Burger King did introduce particularized evidence as to some of the employees involved but little reliance was placed upon it, probably because an examination of the record reveals it as not particularly persuasive
It is undisputed that Assistant Managers direct the work of several employees
Section 541.103 reads:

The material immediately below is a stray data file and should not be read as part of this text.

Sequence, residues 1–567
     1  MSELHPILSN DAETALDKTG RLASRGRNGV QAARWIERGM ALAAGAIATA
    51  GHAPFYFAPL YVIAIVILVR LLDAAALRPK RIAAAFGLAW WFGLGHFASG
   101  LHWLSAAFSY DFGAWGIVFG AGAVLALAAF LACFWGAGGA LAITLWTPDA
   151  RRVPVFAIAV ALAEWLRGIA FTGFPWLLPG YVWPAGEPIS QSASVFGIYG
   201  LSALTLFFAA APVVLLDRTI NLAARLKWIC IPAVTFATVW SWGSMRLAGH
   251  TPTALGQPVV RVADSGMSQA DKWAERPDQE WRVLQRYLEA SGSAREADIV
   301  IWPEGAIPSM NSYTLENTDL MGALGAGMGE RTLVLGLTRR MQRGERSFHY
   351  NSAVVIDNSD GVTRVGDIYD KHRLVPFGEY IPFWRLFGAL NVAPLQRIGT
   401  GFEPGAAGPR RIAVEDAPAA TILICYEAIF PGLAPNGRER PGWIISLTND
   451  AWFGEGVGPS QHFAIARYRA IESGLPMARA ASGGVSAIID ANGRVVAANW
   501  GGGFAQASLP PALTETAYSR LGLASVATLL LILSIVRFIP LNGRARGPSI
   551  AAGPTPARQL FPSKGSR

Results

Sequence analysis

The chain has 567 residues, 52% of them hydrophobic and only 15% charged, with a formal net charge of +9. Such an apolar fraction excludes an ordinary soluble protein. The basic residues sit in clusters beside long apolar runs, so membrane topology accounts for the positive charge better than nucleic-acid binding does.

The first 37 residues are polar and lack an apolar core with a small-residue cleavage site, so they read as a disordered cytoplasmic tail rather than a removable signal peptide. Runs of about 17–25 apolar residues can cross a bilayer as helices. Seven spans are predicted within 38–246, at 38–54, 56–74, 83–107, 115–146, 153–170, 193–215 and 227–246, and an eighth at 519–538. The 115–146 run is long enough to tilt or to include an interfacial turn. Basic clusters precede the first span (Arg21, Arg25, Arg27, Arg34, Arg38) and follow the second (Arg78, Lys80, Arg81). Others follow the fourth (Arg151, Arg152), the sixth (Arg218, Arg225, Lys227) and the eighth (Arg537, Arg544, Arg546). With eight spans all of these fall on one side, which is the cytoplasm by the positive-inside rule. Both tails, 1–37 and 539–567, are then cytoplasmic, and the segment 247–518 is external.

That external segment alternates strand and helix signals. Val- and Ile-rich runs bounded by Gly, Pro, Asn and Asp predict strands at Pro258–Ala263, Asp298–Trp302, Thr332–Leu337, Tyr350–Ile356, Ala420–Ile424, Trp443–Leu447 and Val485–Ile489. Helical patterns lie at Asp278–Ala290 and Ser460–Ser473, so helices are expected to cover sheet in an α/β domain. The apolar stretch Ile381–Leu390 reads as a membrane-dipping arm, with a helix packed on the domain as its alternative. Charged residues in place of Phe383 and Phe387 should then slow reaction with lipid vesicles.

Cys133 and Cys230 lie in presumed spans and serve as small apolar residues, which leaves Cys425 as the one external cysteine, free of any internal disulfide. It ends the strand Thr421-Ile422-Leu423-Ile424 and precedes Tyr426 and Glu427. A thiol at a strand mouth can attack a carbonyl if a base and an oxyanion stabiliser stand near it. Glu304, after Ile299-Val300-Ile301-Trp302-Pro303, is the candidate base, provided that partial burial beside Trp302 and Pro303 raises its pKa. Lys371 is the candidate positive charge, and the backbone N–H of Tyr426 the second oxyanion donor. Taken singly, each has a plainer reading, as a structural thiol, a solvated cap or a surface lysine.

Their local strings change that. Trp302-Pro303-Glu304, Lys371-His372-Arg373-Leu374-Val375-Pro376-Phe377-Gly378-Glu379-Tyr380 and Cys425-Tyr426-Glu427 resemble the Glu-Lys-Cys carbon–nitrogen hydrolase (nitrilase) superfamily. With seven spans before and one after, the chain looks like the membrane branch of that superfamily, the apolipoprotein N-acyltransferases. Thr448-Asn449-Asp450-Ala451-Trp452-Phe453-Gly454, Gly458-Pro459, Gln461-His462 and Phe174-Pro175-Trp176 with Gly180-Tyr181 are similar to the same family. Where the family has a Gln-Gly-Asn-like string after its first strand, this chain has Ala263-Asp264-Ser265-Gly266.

A determination of whether an employee has management as his primary duty must be based on all the facts in a particular case. The amount of time spent in the performance of the managerial duties is a useful guide in determining whether management is the primary duty of an employee. In the ordinary case it may be taken as a good rule of thumb that primary duty means the major part, or over 50 percent, of the employee's time. Thus, an employee who spends over 50 percent of his time in management would have management as his primary duty. Time alone, however, is not the sole test, and in situations where the employee does not spend over 50 percent of his time in managerial duties, he might nevertheless have management as his primary duty if the other pertinent factors support such a conclusion. Some of these pertinent factors are the relative importance of the managerial duties as compared with other types of duties, the frequency with which the employee exercises discretionary powers, his relative freedom from supervision, and the relationship between his salary and the wages paid other employees for the kind of non-exempt work performed by the supervisor. For example, in some departments, or subdivisions of an establishment, an employee has broad responsibilities similar to those of the owner or manager of the establishment, but generally spends more than 50 percent of his time in production or sales work. While engaged in such work he supervises other employees, directs the work of warehouse and delivery men, approves advertising, orders merchandise, handles customer complaints, authorizes payment of bills, or performs other management duties as the day-to-day operations require. He will be considered to have management as his primary duty. In the data processing field an employee who directs the day-to-day activities of a single group of programers and who performs the more complex or responsible jobs in programing will be considered to have management as his primary duty.